My Christmas memories of 2021 consist of little things. My youngest South African granddaughter (7) secretly made Christmas hats for all her family. She cut and folded paper plates, covered them with silver or gold paper, used her pocket money to buy little Christmas bows and adorned them according the the colour preferences of the recipients.

Mine was magic. It turned me into a unicorn granny – a grannicorn?

I will remember the lovely Zoom call we had with all our children, scattered around the world, from New Zealand to Russia…

and the Christmas message I got from a friend I haven’t seen or had contact with in over five years.

I will remember singing old songs at the tops of our voices while the grandchildren queried the meanings of the lyrics.

Then there are the things I probably won’t forget, even if I try:-, Waking up on Christmas morning with a headache and feeling of nausea and deciding not to risk church in person, packing a couple of Christmas nibbles for a friend and finding one container of Christmas mince crumbles had gone mouldy, scrubbing the burned bits off the gammon because I had allowed the water/wine mix to boil dry.

Good, quirky or unfortunate, these are some of this year’s Christmas memories.

So I would like to give thanks to God for all His blessings. For the family He has given us, for technology, enabling us to video-chat with those far away and receive messages from old friends, for His material gifts, enabling us to cook a special meal and give gifts to each other.

Most of all I would like to give thanks to God for His great gift of Christ. God became man and lived among us. The world will never be the same again, and since I’ve met Him, I will never be the same again.

This is how much God loved the world: He gave his Son, his one and only Son. And this is why: so that no one need be destroyed; by believing in him, anyone can have a whole and lasting life. God didn’t go to all the trouble of sending his Son merely to point an accusing finger telling the world how bad it was. He came to help. To put the world right again.” (John 3:16-17 MSG)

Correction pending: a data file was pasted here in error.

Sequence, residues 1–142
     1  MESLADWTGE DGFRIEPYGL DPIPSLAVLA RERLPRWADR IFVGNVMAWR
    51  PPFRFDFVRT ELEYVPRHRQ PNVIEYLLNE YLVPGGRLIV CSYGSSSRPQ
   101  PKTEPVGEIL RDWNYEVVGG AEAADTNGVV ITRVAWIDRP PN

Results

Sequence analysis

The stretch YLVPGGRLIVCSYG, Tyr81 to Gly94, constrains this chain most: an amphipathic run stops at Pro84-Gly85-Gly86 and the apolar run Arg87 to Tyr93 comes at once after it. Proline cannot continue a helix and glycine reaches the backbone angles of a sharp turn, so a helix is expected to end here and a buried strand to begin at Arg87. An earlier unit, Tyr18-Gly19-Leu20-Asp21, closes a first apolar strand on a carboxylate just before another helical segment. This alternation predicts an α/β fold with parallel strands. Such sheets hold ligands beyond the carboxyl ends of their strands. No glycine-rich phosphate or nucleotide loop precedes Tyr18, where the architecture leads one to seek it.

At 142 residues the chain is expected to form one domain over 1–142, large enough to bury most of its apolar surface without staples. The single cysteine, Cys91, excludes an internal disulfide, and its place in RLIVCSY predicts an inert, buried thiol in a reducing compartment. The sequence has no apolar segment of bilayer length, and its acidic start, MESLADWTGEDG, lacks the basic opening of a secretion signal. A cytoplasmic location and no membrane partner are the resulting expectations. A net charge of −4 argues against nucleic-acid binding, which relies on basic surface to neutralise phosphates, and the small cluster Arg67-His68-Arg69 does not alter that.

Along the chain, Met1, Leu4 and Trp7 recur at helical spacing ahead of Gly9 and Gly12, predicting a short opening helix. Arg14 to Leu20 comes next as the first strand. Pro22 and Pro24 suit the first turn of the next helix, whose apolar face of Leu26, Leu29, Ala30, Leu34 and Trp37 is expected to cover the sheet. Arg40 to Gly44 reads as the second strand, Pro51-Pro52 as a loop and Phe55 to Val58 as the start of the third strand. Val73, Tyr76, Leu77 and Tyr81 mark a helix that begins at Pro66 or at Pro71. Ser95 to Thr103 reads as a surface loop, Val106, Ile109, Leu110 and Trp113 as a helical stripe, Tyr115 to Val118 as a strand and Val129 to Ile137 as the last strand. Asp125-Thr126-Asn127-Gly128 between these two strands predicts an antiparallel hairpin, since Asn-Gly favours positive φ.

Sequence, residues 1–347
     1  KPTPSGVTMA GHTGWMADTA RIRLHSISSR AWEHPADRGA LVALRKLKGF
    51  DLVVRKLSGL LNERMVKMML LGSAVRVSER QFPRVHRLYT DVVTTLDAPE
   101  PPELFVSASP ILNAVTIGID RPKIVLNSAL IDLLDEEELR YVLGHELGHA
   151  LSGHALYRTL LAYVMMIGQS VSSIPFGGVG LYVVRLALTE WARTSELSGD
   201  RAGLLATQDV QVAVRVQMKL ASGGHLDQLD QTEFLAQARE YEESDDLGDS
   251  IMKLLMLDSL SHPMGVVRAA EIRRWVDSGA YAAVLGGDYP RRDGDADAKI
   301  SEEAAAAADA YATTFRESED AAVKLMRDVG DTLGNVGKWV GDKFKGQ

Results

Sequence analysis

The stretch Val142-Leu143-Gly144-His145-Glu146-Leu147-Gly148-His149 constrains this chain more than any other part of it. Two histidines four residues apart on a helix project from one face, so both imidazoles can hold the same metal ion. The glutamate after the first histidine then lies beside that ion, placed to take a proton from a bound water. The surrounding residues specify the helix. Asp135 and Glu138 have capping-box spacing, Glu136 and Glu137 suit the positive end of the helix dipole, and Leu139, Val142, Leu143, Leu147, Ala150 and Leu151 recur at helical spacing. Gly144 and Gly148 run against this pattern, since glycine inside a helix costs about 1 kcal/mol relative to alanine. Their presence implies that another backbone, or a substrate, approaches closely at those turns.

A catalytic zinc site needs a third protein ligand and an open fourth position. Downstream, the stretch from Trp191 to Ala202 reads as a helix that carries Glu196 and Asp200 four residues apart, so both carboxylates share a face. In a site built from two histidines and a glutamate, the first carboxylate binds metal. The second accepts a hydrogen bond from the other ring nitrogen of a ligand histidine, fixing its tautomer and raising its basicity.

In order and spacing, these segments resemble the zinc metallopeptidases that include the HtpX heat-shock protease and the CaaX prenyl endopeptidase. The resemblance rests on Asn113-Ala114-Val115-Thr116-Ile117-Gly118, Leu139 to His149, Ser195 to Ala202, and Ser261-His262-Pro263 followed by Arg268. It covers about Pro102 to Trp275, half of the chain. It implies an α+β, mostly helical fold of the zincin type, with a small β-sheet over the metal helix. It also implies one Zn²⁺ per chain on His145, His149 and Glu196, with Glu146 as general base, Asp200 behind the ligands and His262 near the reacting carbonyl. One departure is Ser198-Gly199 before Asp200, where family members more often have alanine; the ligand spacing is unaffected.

My Prayer

Lord, all I can say in the face of Your great love is, “Thank you, thank you, thank you.” Amen

Lockdown Day 27 Remember Me

This morning my normal YouTube daily devotion was nowhere to be found. Instead I read a chapter of Rebecca Barlow-Jones’ book, “Dayvotions for Grandmothers.” She reminisced about her grandmother and other grandmothers and what the children remembered of them after their death.

Memory is a wonderful thing when the memories are happy. There are two places in the Bible that spring to mind when somebody asked somebody else to remember them.

Joseph said to Pharaoh’s cupbearer as he was about to be reinstated in Pharaoh’s household, “But when all goes well with you, remember me and show me kindness; mention me to Pharaoh and get me out of this prison.” (Genesis 40:14 NIV)

The cupbearer forgot Joseph for more than two years. I don’t blame him. Who wants to remember the worst time of your life?

The other occasion is when the criminal crucified next to Jesus said, “Lord, remember me when you come into your kingdom.”(Luke 23:42 NKJV)

Jesus’ gracious reply reverberates down history. “Truly I tell you, today you will be with me in paradise.” (Luke 23:43 NIV)

All of this got me to thinking. What will my grandchildren remember about me when I am gone?

I doubt that they will remember that I wrote a blog every day during lockdown or that I sewed thirty masks for the poor, or that I wrote a story every month for the writer’s circle. They probably won’t remember whether the house was clean or tidy as much as my reaction when they messed or untidied the house.

I hope they’ll remember doing science experiments with Granny, or making decoupage coasters for their Mom’s birthday during lockdown, when they couldn’t just go shopping with their father to choose something for her. I hope they’ll remember baking and getting to lick all the bowls and utensils before washing them (inexpertly) in the sink. I hope they’ll remember I loved Jesus and that He was the most important person in my life.

Children, remember me. I love you all very much.